Reconciliation suggests a past action. It suggests that some wrongdoing has been done for which the possibility of forgiveness is an act of coming together again. Reconciliation suggests a significant rupture of some kind has occurred. Above I have suggested that European colonial expansion from the fifteenth century onwards produced a rupture in the Americas, which in part produced the settler colonial nation-state of Canada, which also produced new states of/for being indigenous peoples and belatedly African peoples. Those kinds of collective namings—Indigenous, African, Indian, Asian, and even European—are the cataloguing evidence of the historical rupture for which European Man comes to overrepresent itself
as if it was indeed Man. As Paul Gilroy suggests, the “[b]lood–saturated histories of colonisation and conquest are rarely allowed to disrupt that triumphalist tale,” and one that apologies and the politics of reconciliation attempt to make invisible in the contemporary moment. Thus reconciliation also suggests a certain kind of suturing is possible in the aftermath of the brutalities that makes it a necessary response in the first place. But what reconciliation does not appear to do is dismantle the institutional basis of the present arrangements of human life. Reconciliation does not ask us to rethink where we are; it asks us to accept the present as an accumulation of injuries for which apologies must suffice as the entry into the flawed ecocidal, genocidal, anti-human, late-modern world still premised on Europe’s partial conception of the human as the only option for being human in this world. Reconciliation might provide us a view towards new and, or more, hopeful human relations, but it does not allow us to seriously grapple with the brutalities that have brought us together in these new geo-political zones and their multiple disadvantaged relations of Europe’s invented Others.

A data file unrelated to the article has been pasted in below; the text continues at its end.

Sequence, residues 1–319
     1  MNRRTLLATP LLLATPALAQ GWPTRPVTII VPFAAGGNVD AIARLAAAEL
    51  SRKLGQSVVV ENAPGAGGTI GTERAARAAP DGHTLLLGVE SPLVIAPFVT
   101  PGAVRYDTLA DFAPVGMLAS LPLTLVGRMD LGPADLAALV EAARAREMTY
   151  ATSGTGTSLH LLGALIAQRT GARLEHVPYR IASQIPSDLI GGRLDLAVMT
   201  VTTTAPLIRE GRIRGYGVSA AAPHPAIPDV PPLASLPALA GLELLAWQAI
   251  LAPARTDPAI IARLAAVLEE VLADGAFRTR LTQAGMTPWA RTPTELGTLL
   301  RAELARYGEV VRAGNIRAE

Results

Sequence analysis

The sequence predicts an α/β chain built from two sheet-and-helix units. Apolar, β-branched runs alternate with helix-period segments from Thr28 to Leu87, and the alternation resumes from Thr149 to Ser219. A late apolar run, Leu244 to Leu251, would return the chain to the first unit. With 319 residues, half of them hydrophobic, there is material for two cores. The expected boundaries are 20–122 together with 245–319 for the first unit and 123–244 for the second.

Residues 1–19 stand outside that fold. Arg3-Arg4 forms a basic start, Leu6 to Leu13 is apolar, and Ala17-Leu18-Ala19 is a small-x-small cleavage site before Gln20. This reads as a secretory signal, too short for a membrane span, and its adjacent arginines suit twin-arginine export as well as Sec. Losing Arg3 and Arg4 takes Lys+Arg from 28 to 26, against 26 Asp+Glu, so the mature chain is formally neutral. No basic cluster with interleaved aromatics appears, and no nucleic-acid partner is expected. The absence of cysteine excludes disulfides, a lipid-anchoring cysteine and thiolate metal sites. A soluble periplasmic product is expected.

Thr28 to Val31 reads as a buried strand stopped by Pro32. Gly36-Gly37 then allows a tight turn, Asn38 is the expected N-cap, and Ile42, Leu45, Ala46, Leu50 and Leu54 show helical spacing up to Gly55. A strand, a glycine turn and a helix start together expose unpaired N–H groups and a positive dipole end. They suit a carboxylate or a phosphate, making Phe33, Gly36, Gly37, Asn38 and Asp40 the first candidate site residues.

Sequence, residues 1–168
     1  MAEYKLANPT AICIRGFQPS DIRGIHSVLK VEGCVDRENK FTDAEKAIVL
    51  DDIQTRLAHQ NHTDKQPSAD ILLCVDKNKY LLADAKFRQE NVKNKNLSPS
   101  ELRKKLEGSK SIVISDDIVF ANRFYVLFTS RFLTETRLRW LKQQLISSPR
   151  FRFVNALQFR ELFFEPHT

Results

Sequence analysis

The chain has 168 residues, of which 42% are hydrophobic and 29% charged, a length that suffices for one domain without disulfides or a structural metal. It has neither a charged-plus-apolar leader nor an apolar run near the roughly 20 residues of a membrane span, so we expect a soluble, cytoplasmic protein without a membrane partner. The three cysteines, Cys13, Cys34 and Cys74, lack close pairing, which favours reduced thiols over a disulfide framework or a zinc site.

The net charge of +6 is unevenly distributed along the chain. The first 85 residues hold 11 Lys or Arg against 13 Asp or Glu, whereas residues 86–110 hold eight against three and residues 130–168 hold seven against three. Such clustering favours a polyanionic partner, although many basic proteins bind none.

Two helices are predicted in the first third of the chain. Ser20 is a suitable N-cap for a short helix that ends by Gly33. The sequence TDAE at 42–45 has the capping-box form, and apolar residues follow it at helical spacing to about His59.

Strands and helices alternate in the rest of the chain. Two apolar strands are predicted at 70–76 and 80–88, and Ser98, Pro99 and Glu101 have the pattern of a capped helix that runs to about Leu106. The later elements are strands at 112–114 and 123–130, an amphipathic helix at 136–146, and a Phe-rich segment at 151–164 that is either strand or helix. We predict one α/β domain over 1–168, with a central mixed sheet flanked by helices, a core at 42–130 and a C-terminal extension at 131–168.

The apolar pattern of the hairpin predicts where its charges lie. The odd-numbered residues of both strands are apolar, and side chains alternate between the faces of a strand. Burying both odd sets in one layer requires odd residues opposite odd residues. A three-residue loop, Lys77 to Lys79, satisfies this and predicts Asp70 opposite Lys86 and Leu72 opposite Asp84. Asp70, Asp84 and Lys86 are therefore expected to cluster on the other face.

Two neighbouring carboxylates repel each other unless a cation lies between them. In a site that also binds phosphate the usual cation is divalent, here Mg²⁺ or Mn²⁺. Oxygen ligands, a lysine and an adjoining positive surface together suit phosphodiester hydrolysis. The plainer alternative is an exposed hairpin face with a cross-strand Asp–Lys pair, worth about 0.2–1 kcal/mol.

“Into the Ranks of Man: Vicious Modernism and the Politics of Reconciliation”, Rinaldo Walcott

titheinironside  asked:

Hi! I'm curious, but why do so many people think of Caius as anti-tech? I hc that if anything, that's the one place he goes a bit over in learning about because it's new and his family aren't better at it than him yet. (I think I sent this already, but Tumblr may have eaten it so....)

[Ack, sorry about that; I think tumblr ate your ask. This is the first time I’m seeing it.]

As someone who definitely thinks that Caius is Bad At Technology, I can offer a few of my reasons for it.

The internet isn’t great for Caius’ paranoia. For three thousand years, the trick to keeping vampires a secret was personally silencing and covering up their every brush with humanity. Global information-sharing networks could make that method obsolete. All of a sudden, Caius has to re-learn his whole job, with the knowledge that one mistake could have devastating consequences.